Lake County restoration project to see if native grasses are key to dealing with climate change
Restoring landscapes to their native state is a regular practice for the Lake County Forest Preserve District, but a pending project at Grant Woods in Ingleside has the added aspect of climate change as a key element.
In late October or early November, more than 800 pounds of native grass seed will be sown over 180 acres of what had been rolling agricultural fields east of Route 59 and north of Monaville Road. Two thirds of the land will be sown with seed "sourced" farther south than normally would be the case to determine whether it will be a better choice for future restorations as climate change progresses.
"We know that by 2050, our climate is predicted to be more like Oklahoma," said Pati Vitt, manager of restoration ecology for the forest preserve district and originator of the "Growing Through Change" project.
"This is more what I consider a demonstration project to see how we are sourcing seeds," Vitt added. "Should we be sourcing farther south and if so, how much farther south?"
Along with the grasses, sedges will be planted in wetland areas on the site. Flowering plants will follow in fall 2021.
The area is one part of an ongoing restoration at Grant Woods, which covers 1,226 acres.
The broader effort has been facilitated by donations of more than $1.1 million to the Preservation Foundation of the Lake County Forest Preserves by a couple with long, personal ties to the land but who wish to remain anonymous, according to Rebekah Snyder, executive director.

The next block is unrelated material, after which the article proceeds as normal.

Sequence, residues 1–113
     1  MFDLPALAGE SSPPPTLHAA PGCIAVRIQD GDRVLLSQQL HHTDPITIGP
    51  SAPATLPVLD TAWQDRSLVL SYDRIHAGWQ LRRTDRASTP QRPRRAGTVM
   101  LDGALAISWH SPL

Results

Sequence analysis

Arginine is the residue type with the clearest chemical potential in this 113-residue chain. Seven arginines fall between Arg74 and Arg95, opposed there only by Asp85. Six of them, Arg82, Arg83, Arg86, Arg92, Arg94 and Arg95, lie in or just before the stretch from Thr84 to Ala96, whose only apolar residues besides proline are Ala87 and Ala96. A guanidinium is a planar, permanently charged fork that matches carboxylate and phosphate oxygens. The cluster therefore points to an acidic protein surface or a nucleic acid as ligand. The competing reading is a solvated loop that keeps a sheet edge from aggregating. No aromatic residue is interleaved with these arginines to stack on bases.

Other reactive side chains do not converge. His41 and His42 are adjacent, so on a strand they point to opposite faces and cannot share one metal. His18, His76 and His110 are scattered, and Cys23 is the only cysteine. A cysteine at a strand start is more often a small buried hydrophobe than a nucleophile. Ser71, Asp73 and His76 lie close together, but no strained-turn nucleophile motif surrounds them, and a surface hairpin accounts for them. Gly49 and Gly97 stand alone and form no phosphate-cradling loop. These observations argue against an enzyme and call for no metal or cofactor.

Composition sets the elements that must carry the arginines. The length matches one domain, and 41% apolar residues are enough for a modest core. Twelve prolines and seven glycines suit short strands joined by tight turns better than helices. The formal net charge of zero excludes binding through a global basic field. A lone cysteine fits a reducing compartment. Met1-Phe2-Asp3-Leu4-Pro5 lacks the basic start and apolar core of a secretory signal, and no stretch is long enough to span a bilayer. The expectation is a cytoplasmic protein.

Some of that money, along with a $216,000 grant from the national Wildlife Conservation Society Climate Adaptation Fund, will be used for the $350,000 farmland restoration.
"It's not just putting native seed on this agricultural parcel," Snyder said. "What we wanted to do was take a climate change model and put it on top of that."
Vitt, who came to the forest district nearly two years ago, had been curator of the seed bank collection at the Chicago Botanic Garden. She's been considering the effects of climate change on native plant populations and seeds being used for 15 years or more.
The restoration community long has grappled with this complex issue, and the Grant Woods project presents an opportunity to compare a new strategy with standard practice to determine what might work best going forward, according to Vitt.
"This is a highly different approach," she said. "The concern might be if we don't keep up with that quickly changing climate, we could find in 20 years the plants in our natural areas aren't producing well enough."
Because many species of pollinators respond to temperature, while plants respond to the length of the daylight, the two could get out of sync as the average temperature increases, according to Vitt.
The district will monitor how the southern grasses survive, grow and reproduce, and whether their use will be more successful than standard strategies.
"We can grow most anything but will it handle the new climate that's coming?" said Ken Klick, the forest district's site ecologist for Grant Woods.
"Plants from farther south may be favored in this changing climate in the future," he added. "Kentucky, Missouri, Arkansas -- those would be the areas we're pinpointing," for grass seed.
While climate models appear to be accurate in projecting what the changes will be, timing is less certain, Vitt said. That means the project runs the risk of sourcing too far south for current conditions.
"We simply don't know," she said. "There have been few, if any, demonstration projects at this scale to explore this."
Vitt says the research is needed to protect plant vitality and protect native ecosystems, and also provide fresh "marketplace opportunities" for retailers and consumers.
It also could become a key seed source for other entities in the future, Klick noted.
"This may be one of the most valuable restorations in the region 50 years from now," he said.